How Do You Prove Premises Liability?

How do you prove premises liability? Premises liability cases arise when property owners fail to maintain their properties in a condition that’s reasonably safe for visitors. In any personal injury case that arises from a premises accident, the accident victim has to satisfy their burden of proof to recover damages. If the accident victim cannot meet their legal burden, a court or jury will not award them damages at trial.

Insurance companies also make it difficult for accident victims to recover monetary damages following a premises accident. In a nutshell, insurance companies are only looking out for their bottom line and are trying to save themselves as much money as possible. Therefore, they may try to downplay the severity of the premises accident and the resulting injuries. They might also try to shift some or all of the blame onto the accident victim.

Following a premises accident, many accident victims do not know what they should do. After an accident, you should first seek follow-up medical care at your local hospital emergency room or urgent care center. Next, you should talk with a knowledgeable premises accident lawyer who can represent you throughout your case, advocate for you in court, and pursue the highest monetary compensation available.

Accidents that Lead to a Premises Liability Claim

Premises accidents often happen when property owners fail to maintain their properties in a safe and careful manner. One of the most common accidents that happen due to a property owner’s negligence is a slip-and-fall accident. These types of accidents are especially common at grocery stores and restaurants, where food and liquid frequently spill onto the floor and create fall hazards. However, slip-and-fall accidents are not the only accidents that form the basis of a premises liability case.

How Do You Prove Premises Liability?

Other common premises accidents involve swimming pool accidents, playground accidents, and incidents that result from negligent (or absent) security on the premises.

If you can prove each legal element of your premises accident claim, you may be eligible to recover various damages from the premises owner’s insurance company.

Premises owners owe most property visitors a high duty of care. The duty of care that a premises owner owes to a property visitor typically depends upon the visitor’s status on the property at a given time, as well as their reason for being present on the property.

Business invitees are individuals who enter a property for the property owner’s sole benefit. For example, diners at a restaurant and customers at a store are usually business invitees during times when they are legally present on the premises. A property owner owes a business invitee the highest available duty of care.

Specifically, the property owner must regularly inspect their premises for both known and unknown hazardous conditions. Upon discovering such a condition, the property owner must take reasonable and timely steps to either warn about the defective condition or correct it so that it no longer poses a danger to property visitors.

In contrast to business invitees, a social guest—or licensee—is present on someone else’s property for their own benefit. A guest who visits someone’s house, for example, maybe a licensee. As with business invitees, property owners owe licensees a high duty of care. Specifically, the property owner must regularly inspect their premises for apparent hazardous conditions and take the necessary, reasonable, and timely steps to warn about or remedy those conditions.

Finally, a trespasser is an individual who is on someone else’s premises without the owner’s verbal or written consent. An individual who enters someone else’s land where a no trespassing sign is visible is a trespasser on the premises.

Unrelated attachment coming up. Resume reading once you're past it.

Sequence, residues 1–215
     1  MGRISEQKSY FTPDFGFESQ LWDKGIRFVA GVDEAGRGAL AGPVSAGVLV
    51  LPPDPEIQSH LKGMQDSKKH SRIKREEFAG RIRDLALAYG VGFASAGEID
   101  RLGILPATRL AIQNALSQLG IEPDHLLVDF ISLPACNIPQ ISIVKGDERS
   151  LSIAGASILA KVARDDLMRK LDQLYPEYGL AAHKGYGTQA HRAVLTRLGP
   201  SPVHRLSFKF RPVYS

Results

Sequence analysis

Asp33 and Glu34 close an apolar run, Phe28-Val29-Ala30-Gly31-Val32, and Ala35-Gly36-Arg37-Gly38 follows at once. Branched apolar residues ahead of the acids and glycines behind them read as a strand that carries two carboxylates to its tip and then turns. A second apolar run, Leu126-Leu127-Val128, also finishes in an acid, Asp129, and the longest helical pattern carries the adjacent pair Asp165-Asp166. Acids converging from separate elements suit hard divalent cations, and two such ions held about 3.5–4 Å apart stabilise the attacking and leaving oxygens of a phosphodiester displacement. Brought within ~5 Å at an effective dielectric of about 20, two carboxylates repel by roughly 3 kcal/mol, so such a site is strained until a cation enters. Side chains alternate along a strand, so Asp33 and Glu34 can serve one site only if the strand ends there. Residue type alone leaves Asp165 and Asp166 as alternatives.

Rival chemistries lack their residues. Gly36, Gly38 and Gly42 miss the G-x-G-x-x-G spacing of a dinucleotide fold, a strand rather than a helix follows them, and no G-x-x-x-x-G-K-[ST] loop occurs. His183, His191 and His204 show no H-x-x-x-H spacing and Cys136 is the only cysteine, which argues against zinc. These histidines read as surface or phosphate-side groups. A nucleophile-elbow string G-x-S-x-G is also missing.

Under most circumstances, a property owner does not owe a trespasser a legal duty of care. Therefore, if the trespasser suffers injuries on the owner’s premises, it’s on them. However, in some instances, a property owner may owe a duty of care to a known trespasser, such as a child trespasser. A known trespasser is someone whom the property owner knows to visit the property on a regular basis.

If you suffered injuries in a premises accident that occurred when a property owner deviated from the standard of care, you are not alone. A skilled premises accident lawyer near you can help with ascertaining your eligibility for monetary damages. If you are eligible for compensation, your lawyer can help you file a claim against all potentially responsible parties. Your lawyer can also assist with settlement and litigation options and help you select the best course of action for pursuing your premises liability case.

In addition to establishing that the responsible property owner owed you a duty of care, you must also show that the property owner deviated from the prevailing standard of care in some way. For example, the property owner might have known that a staircase or railing on their property was defective, yet they failed to post a notice about the condition, warning property visitors about it. The property owner might have also failed to close off the defective staircase or repair the defect within a reasonable time period.

To prove that a property owner violated their duty of care, your lawyer may need to retain an accident reconstructionist or another expert to testify in your case. If your lawyer retains an accident reconstructionist, that individual can piece together how your accident occurred after reviewing all available incident reports, photographs of the incident scene from immediately before and after the incident, eyewitness statements, and other potential evidence.

The expert may also need to visit the accident scene to obtain more information. After concluding their investigation, an accident reconstructionist will likely prepare a report that they can authenticate on the witness stand in court, helping you prove your premises liability case at trial.

Likewise, to recover monetary damages following a premises accident, your lawyer will need to establish both actual and legal causation for the accident. First, the accident victim, through their lawyer, must establish that the premises accident should not have happened but for the responsible party’s negligence. This is called but-for causation. Next, your lawyer must show that the accident was a foreseeable result of the at-fault party’s negligence.

Again, when proving causation in a premises accident case, it may become necessary for an accident reconstructionist to testify in court on your behalf. That expert can state that a particular individual or entity was the likely cause of the premises accident.